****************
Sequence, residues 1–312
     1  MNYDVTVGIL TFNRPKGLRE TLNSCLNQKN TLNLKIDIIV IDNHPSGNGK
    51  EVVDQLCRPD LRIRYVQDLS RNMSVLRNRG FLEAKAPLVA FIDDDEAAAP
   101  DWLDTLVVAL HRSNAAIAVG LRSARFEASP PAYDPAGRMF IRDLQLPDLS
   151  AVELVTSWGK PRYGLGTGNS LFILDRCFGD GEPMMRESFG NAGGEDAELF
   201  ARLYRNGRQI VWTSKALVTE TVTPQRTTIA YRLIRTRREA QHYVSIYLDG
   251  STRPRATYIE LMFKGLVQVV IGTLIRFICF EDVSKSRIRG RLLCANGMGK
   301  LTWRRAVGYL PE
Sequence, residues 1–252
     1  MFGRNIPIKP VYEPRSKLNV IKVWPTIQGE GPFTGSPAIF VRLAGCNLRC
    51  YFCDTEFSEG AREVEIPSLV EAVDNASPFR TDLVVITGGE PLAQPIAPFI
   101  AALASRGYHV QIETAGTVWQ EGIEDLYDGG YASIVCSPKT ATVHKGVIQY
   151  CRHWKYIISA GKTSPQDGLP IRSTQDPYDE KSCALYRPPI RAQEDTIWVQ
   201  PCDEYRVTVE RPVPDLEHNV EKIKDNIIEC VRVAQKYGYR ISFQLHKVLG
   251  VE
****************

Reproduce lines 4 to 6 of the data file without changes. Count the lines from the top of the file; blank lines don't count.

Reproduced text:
   101  DWLDTLVVAL HRSNAAIAVG LRSARFEASP PAYDPAGRMF IRDLQLPDLS
   151  AVELVTSWGK PRYGLGTGNS LFILDRCFGD GEPMMRESFG NAGGEDAELF
   201  ARLYRNGRQI VWTSKALVTE TVTPQRTTIA YRLIRTRREA QHYVSIYLDG